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Prisoners Need COVID-19 Protection, Too

These days, we are all worried about those most susceptible to the ravages of the COVID-19 virus — not only the elderly and already sick but also those on the daily line of fire, like medical first responders and the countless essential workers still on the job.

But my inbox is filling up with letters beseeching Americans not to forget the incarcerated locked up in jails and prisons. These places are notoriously overcrowded and oftentimes operated in dilapidated and unsanitary conditions. There is no possibility for inmates to practice social distancing, to wash their hands at will or to possess a face mask. They are trapped in places that are notorious breeding grounds for germs.

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New York Escaped Convict Shot Dead By Police: Reports

New York (AFP) – One of two convicts who escaped from a maximum-security New York prison was shot dead by police Friday after three weeks on the run, according to media reports.

Richard Matt, 49, was killed by law enforcement and his fellow escapee David Sweat, 35, was still being pursued by police, CNN reported.

The shooting took place in Franklin County in upstate New York, where police had focused search efforts after several reports the men had been spotted in the area.

The inmates used power tools to cut their way out of their cells at the Clinton Correctional Facility before dawn on June 6 in a spectacular prison break, triggering an intense weeks-long manhunt in the state.

Authorities said earlier Friday the pair might have been heading toward Canada, and warned border guards to be on alert.

The hunt was centered in an area about 50 miles from the prison and roughly 30 miles from the border with Canada.

Screenshot via

This story is breaking and is being updated.

Chile Weighs Taking Guantanamo Detainees At U.S. Request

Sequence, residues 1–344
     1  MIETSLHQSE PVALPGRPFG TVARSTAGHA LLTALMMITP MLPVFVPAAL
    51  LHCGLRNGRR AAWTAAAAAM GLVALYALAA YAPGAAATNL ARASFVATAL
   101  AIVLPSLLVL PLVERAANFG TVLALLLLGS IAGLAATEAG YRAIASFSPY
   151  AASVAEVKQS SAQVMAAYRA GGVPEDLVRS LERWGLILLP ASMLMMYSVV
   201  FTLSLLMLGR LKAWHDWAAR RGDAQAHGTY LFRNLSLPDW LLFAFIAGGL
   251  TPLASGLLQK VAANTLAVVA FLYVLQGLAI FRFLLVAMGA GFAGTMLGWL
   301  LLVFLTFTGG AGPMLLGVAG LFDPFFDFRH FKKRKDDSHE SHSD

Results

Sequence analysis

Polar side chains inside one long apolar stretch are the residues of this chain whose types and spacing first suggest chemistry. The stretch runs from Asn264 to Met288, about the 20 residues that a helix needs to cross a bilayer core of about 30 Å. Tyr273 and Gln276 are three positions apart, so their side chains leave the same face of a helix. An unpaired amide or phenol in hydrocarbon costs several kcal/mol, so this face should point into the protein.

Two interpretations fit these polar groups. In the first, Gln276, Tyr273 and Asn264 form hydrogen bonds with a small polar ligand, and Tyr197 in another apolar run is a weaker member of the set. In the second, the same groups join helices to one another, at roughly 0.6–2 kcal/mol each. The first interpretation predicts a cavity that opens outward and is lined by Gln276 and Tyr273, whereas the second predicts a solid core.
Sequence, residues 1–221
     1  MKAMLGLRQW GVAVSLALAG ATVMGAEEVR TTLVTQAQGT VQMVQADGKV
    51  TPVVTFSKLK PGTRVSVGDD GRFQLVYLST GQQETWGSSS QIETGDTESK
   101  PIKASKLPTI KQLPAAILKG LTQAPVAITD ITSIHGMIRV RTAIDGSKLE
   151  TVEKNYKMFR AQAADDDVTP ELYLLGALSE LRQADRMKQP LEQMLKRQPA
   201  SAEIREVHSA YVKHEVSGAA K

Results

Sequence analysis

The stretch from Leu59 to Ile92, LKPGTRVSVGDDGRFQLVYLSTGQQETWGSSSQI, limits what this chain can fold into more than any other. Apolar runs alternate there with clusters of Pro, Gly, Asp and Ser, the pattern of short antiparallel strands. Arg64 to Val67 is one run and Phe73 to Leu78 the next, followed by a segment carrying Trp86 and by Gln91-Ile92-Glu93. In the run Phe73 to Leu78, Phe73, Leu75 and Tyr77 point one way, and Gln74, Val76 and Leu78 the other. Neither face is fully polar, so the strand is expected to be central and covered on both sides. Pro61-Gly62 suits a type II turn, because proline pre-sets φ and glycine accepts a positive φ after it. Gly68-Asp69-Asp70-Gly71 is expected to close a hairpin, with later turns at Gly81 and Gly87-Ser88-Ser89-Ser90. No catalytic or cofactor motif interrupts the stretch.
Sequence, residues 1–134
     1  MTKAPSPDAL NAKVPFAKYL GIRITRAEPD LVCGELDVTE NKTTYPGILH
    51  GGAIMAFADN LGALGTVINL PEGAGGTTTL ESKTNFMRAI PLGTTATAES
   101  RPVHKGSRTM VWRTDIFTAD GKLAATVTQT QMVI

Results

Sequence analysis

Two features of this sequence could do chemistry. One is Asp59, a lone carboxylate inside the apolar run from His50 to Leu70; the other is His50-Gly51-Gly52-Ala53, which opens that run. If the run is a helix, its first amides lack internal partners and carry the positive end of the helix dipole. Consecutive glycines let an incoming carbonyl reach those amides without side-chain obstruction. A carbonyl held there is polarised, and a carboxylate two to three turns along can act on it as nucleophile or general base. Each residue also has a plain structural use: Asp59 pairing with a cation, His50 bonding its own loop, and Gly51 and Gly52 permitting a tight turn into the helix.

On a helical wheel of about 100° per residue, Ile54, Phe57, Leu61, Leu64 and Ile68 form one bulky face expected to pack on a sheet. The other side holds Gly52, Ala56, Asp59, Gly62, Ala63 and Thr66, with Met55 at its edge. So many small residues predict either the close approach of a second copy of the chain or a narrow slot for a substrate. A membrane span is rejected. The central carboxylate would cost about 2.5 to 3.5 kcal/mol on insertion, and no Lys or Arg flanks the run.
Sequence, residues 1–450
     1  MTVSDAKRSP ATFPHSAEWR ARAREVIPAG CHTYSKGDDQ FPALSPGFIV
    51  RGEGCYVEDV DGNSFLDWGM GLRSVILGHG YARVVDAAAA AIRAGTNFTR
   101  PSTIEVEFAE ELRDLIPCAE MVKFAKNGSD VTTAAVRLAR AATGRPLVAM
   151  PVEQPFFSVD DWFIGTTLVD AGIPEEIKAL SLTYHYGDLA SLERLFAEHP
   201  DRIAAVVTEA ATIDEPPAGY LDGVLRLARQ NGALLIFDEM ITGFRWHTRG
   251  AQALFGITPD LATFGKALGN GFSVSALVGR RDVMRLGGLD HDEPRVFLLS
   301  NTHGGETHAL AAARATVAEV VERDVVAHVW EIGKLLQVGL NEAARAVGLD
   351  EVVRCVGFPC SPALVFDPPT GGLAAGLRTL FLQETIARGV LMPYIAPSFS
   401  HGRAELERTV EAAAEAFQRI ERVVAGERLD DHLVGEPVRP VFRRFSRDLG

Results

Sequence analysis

Santiago (AFP) — The Chilean government is considering taking in detainees from the U.S. detention camp at Guantanamo Bay, officials said Monday.

The United States made the request back in 2010 but the idea has run up against opposition from some lawmakers, said Foreign Ministry legal adviser Claudio Troncoso.

“Our country is carrying out an evaluation of that U.S. request,” he told reporters. “There has been absolutely no final decision made on this issue.”

The United States has told Santiago that they are detainees who do not face formal charges or present any danger, he added.

But opposition lawmakers voiced concern.

“There could be collateral damage from taking in prisoners linked to terrorist acts,” said Ivan Moreira, a senator with the ultra-conservative Independent Democratic Union party.

“Our country should not get involved in a sensitive issue that could bring upon us unwanted consequences when we are being looked at by international terror groups,” added Jorge Tarud, a lawmaker with the ruling coalition-backing Party for Democracy.

Uruguay plans to take in six detainees from the U.S. military prison at Guantanamo, Cuba, but says that no date for the transfer has been set yet.

There are 149 inmates still at the prison on the eastern tip of Cuba that was set up under former president George W. Bush after the September 11, 2001 attacks.

AFP Photo/Chantal Valery

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Nigeria Kidnap Families Want ‘Unconditional’ Release

Abuja (AFP) – Relatives of more than 200 schoolgirls held hostage by Boko Haram on Thursday called for their unconditional release, after Nigeria’s government ruled out a prisoner swap with the extremists.

An on-the-run Boko Haram suspect wanted in connection with a bomb attack that killed 75 in Abuja was meanwhile arrested in Sudan, while the UN pledged to do all it could to help end the crisis.

Boko Haram leader Abubakar Shekau indicated in a video this week that he could release the 223 girls now held for more than a month in exchange for militant fighters in custody in Nigerian jails.